Optimizing herbaceous annual cutting physiology, morphology, and rooting with supplemental light during propagation

by Currey, Christopher J., Ph.D., PURDUE UNIVERSITY, 2013, 194 pages; 3591188


Propagative material for the U.S. alone has a wholesale value of over $439 million USD. Energy costs are one of the largest expenses in greenhouse production and, therefore, producers of rooted cuttings are interested in minimizing production time. Growth and development of adventitious roots on cuttings is strongly influenced by temperature and light, while subsequent growth and development of rooted cuttings is impacted by the environmental conditions experienced during propagation. Cuttings are propagated in winter and spring when the ambient solar and greenhouse photosynthetic daily light integrals (DLI) are at seasonally low levels.

There is limited, but promising, evidence that increasing the DLI during propagation of cuttings increases root development and growth of cuttings of annual bedding plants. The specific objectives of this research are to identify the growth, morphological, and physiological responses of un-rooted cuttings to varying DLIs and supplemental light quality. Three research goals were established to support my objectives: 1) identify species-specific responses from a broad group of vegetatively propagated annuals to DLI during root development; 2) characterize the effect of DLI during root development on biomass accumulation and allocation, photosynthesis, and carbohydrates of cuttings; and 3) quantify the effect of supplemental light source and quality during root development on cuttings.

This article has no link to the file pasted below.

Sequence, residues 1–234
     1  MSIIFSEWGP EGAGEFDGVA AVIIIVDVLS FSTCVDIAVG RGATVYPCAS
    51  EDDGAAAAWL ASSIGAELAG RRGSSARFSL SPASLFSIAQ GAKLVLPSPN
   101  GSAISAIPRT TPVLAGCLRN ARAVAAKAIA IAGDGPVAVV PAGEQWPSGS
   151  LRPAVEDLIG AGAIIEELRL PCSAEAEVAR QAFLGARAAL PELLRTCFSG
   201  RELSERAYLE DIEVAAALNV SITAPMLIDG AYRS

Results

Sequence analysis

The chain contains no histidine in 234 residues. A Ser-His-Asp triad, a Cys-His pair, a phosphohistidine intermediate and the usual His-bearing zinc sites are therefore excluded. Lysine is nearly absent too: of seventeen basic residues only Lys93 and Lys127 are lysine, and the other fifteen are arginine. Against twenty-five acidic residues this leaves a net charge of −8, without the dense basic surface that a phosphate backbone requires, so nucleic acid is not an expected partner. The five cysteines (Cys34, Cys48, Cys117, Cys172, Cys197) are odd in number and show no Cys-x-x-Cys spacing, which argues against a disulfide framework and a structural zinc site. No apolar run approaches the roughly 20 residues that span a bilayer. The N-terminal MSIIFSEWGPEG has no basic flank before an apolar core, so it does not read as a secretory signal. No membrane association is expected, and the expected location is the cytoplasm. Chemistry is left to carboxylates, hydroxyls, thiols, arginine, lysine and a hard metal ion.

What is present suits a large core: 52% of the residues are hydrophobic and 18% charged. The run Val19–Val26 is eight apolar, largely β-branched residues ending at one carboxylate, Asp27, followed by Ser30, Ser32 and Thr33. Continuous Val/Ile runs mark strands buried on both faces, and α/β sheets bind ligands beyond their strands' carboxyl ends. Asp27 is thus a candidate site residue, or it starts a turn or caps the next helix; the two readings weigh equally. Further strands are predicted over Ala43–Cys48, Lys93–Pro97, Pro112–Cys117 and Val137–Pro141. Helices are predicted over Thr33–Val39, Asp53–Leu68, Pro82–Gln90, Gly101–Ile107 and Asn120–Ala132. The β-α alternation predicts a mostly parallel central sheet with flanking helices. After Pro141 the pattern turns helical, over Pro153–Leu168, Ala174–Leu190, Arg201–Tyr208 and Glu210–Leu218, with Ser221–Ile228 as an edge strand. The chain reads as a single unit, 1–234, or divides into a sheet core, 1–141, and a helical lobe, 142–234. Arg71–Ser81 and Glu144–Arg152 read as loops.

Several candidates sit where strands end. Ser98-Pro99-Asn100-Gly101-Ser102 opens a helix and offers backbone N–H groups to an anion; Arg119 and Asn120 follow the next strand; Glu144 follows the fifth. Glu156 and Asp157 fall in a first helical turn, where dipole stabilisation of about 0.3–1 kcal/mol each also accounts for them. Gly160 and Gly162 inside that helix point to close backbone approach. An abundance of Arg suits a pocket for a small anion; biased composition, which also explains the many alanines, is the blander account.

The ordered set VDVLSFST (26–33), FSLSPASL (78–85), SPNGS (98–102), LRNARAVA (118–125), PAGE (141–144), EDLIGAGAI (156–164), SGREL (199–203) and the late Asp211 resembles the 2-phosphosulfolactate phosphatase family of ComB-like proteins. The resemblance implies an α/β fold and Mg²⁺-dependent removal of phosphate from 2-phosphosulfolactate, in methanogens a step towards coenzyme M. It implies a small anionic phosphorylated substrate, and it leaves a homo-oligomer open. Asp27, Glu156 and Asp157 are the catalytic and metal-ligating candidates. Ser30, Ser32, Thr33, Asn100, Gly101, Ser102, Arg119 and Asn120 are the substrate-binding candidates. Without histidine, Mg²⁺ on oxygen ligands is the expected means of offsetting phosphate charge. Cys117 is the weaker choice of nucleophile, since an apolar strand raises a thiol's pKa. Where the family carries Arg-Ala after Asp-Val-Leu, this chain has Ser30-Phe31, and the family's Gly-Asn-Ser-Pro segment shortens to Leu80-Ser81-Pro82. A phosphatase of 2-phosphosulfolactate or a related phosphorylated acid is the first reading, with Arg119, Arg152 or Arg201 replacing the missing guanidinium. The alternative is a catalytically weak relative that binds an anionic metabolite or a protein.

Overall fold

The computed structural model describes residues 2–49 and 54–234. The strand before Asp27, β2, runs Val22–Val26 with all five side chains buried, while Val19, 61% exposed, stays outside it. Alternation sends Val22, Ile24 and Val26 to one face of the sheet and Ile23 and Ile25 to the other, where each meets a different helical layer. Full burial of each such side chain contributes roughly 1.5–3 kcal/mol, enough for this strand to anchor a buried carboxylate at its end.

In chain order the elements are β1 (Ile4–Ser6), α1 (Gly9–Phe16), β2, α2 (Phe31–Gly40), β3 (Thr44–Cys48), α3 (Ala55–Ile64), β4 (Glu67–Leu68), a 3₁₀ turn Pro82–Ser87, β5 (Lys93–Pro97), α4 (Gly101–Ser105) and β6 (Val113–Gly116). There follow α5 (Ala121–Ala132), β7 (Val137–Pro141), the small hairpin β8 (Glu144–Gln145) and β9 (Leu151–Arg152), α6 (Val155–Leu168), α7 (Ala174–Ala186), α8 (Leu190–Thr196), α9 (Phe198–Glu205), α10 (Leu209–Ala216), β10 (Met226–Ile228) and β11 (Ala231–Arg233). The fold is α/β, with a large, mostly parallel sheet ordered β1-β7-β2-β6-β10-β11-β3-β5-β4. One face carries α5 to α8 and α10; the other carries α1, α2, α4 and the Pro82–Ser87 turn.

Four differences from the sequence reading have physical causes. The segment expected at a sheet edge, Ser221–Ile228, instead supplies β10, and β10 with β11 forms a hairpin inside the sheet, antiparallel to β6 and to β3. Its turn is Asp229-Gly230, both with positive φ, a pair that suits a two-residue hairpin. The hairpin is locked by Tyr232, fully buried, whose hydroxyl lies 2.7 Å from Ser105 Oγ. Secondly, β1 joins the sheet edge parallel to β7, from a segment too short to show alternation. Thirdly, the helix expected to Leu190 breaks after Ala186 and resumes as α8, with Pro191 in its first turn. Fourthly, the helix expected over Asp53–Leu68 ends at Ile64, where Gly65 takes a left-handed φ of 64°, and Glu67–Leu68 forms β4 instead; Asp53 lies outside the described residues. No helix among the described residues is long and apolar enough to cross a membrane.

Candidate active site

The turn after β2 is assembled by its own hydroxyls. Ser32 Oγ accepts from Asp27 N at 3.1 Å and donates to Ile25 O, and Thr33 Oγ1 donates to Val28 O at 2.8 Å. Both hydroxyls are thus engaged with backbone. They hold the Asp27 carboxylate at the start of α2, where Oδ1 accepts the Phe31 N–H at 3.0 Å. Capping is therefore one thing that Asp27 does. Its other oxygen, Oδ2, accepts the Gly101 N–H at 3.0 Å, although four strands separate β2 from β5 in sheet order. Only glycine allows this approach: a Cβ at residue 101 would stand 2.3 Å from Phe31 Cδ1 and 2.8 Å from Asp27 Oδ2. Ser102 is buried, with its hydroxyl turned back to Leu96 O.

Increasing the DLI during propagation with supplemental lighting increased root and shoot growth of nine herbaceous annuals by up to 1137% and 384%, respectively. Additionally, the quality of rooted cuttings, as assessed by the quality index, increased for nearly each of the nine species used in the study by up to 960% (Diascia). Further studies showed increasing the DLI during root development enhanced biomass accumulation and altered biomass allocation of Impatiens, Pelargonium, and Petunia by increasing the root mass ratio by up to 195% (Petunia), while starch concentrations increased by up to 946% (Impatiens) with DLI. Additionally, I found that net photosynthesis (Pn) of Impatiens cuttings could increase by up to 150% and 250%, respectively, as DLI increased by ≈6 or 13 mol·m-2·d-1, respectively. Lastly, there were few significant morphological or physiological differences among rooted cuttings of Impatiens, Pelargonium, and Petunia cuttings propagated under HPS lamps or different LEDs, as well as for flowering plants grown from cuttings propagated under the different supplemental lighting treatments.

By identifying the growth and physiological adaptations of herbaceous stem tip cuttings of annual bedding plant species to DLI and supplemental light quality during root development, the aims of the research are two-fold. The first is to provide insight into the physiological mechanisms related to root growth and DLI during propagation. Secondly, improve the quality of rooted cuttings while increasing the efficacy and efficiency of environmental and cultural inputs in greenhouse production.

AdviserRoberto G. Lopez
Source TypeDissertation
SubjectsHorticulture; Agriculture; Plant sciences
Publication Number3591188

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